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The Book of Lost Tales Part II (History of Middle-Earth) [Hardcover]

J. R. R. Tolkien , Christopher Tolkien
4.7 out of 5 stars  See all reviews (6 customer reviews)

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Book Description

26 Nov 1984 History of Middle-Earth (Book 2)

The second of a two-book set that contains the early myths and legends which led to the writing of Tolkien’s epic tale of war, The Silmarillion.

This second part of The Book of Lost Tales includes the tale of Beren and Lúthien, Túrin and the Dragon, and the only full narratives of the Necklace of the Dwarves and the Fall of Gondolin, itself the finest and most exciting depiction of a battle that Tolkien ever wrote. Each tale is followed by a commentary in the form of a short essay, together with texts of associated poems, and contains extensive information on names and vocabulary in the earliest Elvish languages.

This series of fascinating books has now been repackaged to complement the distinctive and classic style of the ‘black cover’ A-format paperbacks of The Hobbit, The Lord of the Rings, The Silmarillion and Unfinished Tales.

--This text refers to the Paperback edition.


Product details

  • Hardcover: 400 pages
  • Publisher: Houghton Mifflin Company (26 Nov 1984)
  • Language: English
  • ISBN-10: 0395366143
  • ISBN-13: 978-0395366141
  • Product Dimensions: 23.1 x 15.1 x 3 cm
  • Average Customer Review: 4.7 out of 5 stars  See all reviews (6 customer reviews)
  • Amazon Bestsellers Rank: 318,184 in Books (See Top 100 in Books)

More About the Author

J.R.R. Tolkien was born on 3rd January 1892. After serving in the First World War, he became best known for The Hobbit and The Lord of the Rings, selling 150 million copies in more than 40 languages worldwide. Awarded the CBE and an honorary Doctorate of Letters from Oxford University, he died in 1973 at the age of 81.

Product Description

Review

‘Christopher Tolkien shows himself to be his father’s son… Tolkien devotees will rejoice’ The New York Times Book Review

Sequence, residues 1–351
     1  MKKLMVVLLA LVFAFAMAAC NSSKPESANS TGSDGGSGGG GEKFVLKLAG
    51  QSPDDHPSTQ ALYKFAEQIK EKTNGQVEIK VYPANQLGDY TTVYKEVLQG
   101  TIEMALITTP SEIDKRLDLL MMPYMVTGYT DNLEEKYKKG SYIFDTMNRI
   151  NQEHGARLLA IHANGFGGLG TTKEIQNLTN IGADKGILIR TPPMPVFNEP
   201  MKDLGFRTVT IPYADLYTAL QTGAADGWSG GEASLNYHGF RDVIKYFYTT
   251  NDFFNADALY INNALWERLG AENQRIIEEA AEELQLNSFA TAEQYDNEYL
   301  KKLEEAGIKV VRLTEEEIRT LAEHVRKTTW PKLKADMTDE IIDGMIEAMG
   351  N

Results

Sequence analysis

‘In these Lost Tales we have the scholar joyously gambolling in the thicket of his imagination… a Commentary and Notes greatly enrich the quest’ Daily Telegraph

‘The Tales will be appreciated by those who have read The Silmarillion andwish to examine how Tolkien improved his story and style from their original form, and how weventually The Lord of the Rings came to stand independently with only a few hints from the early mythology’ British Book News

--This text refers to the Paperback edition.

From the Back Cover

This second part of 'The Book of Lost Tales' includes the tales of Beren and Lúthien, Túrin and the Dragon, and the only full narratives of the Necklace of the Dwarves and the Fall of Gondolin. Each tale is followed by a commentary in the form of a short essay, together with the texts of associated poems, and contains extensive information on names and vocabulary in the earliest Elvish languages.

"Christopher Tolkien shows himself to be his father's son, delving into the question of Elvish genealogies…he gives the reader histories of each of the character's names as it evolved in the course of Tolkien's revisions…Tolkien devotees will rejoice."
THE NEW YORK TIMES BOOK REVIEW

"The 'Tales' will be appreciated by those who have read 'The Silmarillion' and wish to examine how Tolkien improved his story and style from their original form, and how eventually 'The Lord of the Rings' came to stand independently with only a few hints from the early mythology."
BRITISH BOOK NEWS

--This text refers to the Paperback edition.

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Customer Reviews